Family History

Some families have specific medical issues that can increase the likelihood that your baby might have constipation issues. Examples are cystic fibrosis, chronic constipation, celiac disease, and Hirschsprung’s disease.

Ways to Relieve Baby Constipation



Increase Fluids

If your baby is breastfed, offer more breast milk. Depending on your child’s age, you also may be able to introduce water. Water is safe for babies over six months old. Speak to your doctor if your baby is under six months old to determine its safety. Adding an extra two to four ounces of fluids can help flush out the bowels properly.


Try Fruit Juice

fruit juice

Prune juice has a laxative effect, but you can also use pear or apple juice to relieve minor constipation. Juice can be given to babies six months old or under the care of a pediatrician. The most you want to give is one to two ounces. Juice is acidic, and it can cause your baby to have a bad rash.


Feed Fresh Fruit

fresh fruits

For solid eating infants, you can try introducing more fresh fruit to help avoid constipation in babies. Apricots, apples, pears, prunes, peaches, and plums all help to decrease constipation. Try to avoid bananas and rice cereal when your baby is already constipated because they’re known for having a binding effect on bowel movements.


Bicycle His Legs

Relieve Baby Constipation

Grab your baby’s legs and start moving! Move his legs in a movement that looks like he is pedaling a bicycle, up and down with your baby on his back in front of you. His legs should be going in a circular, up and down, motion.

Why does bicycling help to relieve infant constipation? This trick works because it releases abdominal pressure and gets things moving in the right direction.


Take a Rectal Temperature

Rectal Temperature

Another easy remedy is to take your baby’s rectal temperature. Rectal stimulation helps your baby’s bowels start to move. Put petroleum jelly on the tip of a rectal thermometer and insert into your baby’s bottom. Very gently wiggle just the tip of the thermometer and remove. This stimulation usually leads to bowel movement.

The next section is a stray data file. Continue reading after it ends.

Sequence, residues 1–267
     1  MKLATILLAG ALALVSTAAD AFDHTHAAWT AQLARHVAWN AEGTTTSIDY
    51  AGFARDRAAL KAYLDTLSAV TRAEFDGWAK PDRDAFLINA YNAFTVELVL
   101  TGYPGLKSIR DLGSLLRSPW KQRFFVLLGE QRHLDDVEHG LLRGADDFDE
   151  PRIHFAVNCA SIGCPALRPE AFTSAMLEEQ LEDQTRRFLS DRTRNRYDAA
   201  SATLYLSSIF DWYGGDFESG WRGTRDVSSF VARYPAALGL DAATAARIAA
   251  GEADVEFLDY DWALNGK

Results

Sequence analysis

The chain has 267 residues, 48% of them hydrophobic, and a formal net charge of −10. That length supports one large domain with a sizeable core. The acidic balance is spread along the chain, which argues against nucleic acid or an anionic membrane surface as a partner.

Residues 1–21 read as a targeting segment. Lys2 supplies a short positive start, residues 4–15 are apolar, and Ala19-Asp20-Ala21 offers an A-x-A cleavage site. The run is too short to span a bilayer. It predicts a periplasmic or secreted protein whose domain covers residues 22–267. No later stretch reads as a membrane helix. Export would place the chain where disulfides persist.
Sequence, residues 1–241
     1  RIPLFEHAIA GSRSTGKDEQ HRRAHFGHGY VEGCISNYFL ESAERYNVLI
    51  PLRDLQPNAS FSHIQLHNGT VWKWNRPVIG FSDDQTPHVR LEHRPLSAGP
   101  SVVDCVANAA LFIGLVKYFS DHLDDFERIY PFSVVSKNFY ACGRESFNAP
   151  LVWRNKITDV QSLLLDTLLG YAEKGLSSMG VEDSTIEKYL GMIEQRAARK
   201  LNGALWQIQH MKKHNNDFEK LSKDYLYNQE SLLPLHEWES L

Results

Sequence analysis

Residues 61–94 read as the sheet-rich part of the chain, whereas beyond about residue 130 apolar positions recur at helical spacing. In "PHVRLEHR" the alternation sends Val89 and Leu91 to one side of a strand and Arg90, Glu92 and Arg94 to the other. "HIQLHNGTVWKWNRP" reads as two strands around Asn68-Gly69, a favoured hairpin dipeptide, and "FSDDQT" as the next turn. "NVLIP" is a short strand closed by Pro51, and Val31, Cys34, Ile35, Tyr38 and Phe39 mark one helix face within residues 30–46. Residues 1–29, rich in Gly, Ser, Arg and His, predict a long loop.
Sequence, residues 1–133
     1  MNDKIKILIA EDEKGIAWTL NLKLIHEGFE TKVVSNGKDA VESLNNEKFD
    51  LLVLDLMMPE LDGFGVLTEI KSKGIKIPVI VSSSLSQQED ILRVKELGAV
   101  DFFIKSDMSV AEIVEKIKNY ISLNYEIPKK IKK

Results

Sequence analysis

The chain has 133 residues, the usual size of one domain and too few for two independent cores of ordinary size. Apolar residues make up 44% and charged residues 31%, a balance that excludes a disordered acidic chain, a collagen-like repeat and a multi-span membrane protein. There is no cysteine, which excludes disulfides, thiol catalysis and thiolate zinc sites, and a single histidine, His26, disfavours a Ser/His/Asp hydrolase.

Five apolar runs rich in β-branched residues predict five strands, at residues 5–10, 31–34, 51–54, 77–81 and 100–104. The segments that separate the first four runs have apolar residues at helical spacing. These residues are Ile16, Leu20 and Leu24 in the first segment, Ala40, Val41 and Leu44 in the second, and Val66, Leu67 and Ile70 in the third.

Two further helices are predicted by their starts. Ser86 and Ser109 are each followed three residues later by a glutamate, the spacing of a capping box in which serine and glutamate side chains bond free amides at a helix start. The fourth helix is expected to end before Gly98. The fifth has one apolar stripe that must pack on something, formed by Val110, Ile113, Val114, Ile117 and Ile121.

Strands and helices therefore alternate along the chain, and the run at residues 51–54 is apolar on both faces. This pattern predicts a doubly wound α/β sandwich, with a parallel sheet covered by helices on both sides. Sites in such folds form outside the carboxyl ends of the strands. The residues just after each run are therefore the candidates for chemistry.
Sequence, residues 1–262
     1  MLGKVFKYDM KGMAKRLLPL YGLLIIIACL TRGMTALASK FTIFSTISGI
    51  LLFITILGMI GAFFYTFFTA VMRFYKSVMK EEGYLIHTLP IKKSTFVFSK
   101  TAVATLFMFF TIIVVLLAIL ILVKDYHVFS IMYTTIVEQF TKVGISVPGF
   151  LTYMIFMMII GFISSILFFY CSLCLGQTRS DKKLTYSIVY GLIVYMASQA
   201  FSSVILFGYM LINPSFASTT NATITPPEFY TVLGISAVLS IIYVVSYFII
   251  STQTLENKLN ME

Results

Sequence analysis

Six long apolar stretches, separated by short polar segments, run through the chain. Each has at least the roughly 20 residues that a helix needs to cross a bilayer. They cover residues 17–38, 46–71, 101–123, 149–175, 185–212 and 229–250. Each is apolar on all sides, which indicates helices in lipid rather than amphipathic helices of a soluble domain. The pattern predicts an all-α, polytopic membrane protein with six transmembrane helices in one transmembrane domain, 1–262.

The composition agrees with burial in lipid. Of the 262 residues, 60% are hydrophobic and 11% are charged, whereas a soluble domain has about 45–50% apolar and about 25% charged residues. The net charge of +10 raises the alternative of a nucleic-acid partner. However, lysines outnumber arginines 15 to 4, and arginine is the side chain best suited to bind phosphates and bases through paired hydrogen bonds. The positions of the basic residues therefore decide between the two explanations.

Warm Baths


Warm baths feel good anytime that you don’t feel good, and it’s the same for babies. Taking a warm bath helps your baby relax, hopefully letting go of that backed up poop. When you remove your baby from the bathtub, that’s the perfect time to try some belly massages like mentioned below.


Belly Massages

Constipation causes your baby’s belly to hurt, and a belly massage can be just the right thing. Put your baby on his back and place your hand on his belly button. Use a clockwise motion to massage your baby’s belly in circle motions, getting larger with time. Watch his reactions to see if its too much pressure or if he’s crying.


Mommy’s Bliss Constipation Ease

Mommy’s Bliss Constipation Ease

For babies who are older than six months old, try Mommy’s Bliss Constipation Ease. It’s a supplement designed to help relieve symptoms connected to infant constipation. Constipation Ease contains gentle ingredients such as prune juice, organic fennel, and organic dandelion to soften stools.

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Try a Glycerin Suppository

Pedia Lax Glycerin Suppository If all else is failing, a glycerin suppository can work in a jiffy. Always talk to your doctor about how much of a suppository to use, depending on your child’s age and how long they’ve been constipated. Your doctor might tell you to use ¼ or the entire suppository. Most suppositories work within 15 minutes, but the poop can come out like a rocket ship, so be prepared!

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Talk to Your Pediatrician about Changing Formulas

Professional pediatrician examining infant

If you notice that this is becoming a common issue, it might indicate that your child is taking the wrong formula. Every baby reacts differently to the ingredients in the formula, so trying a new brand can help you find a brand your baby tolerates the best. He might need a low-lactose choice. Speak to your pediatrician about your concerns and see what formula she recommends that you try.

Don’t Hesitate to Call Your Pediatrician

If you are concerned at any time, call your child’s pediatrician. Constipation usually clears up on its own or with a natural treatment. Chronic constipation may have an underlying issue, so don’t hesitate to call if you’re concerned about frequent constipation or if you can’t get your child to have a bowel movement and his pain is increasing.

Baby Advisor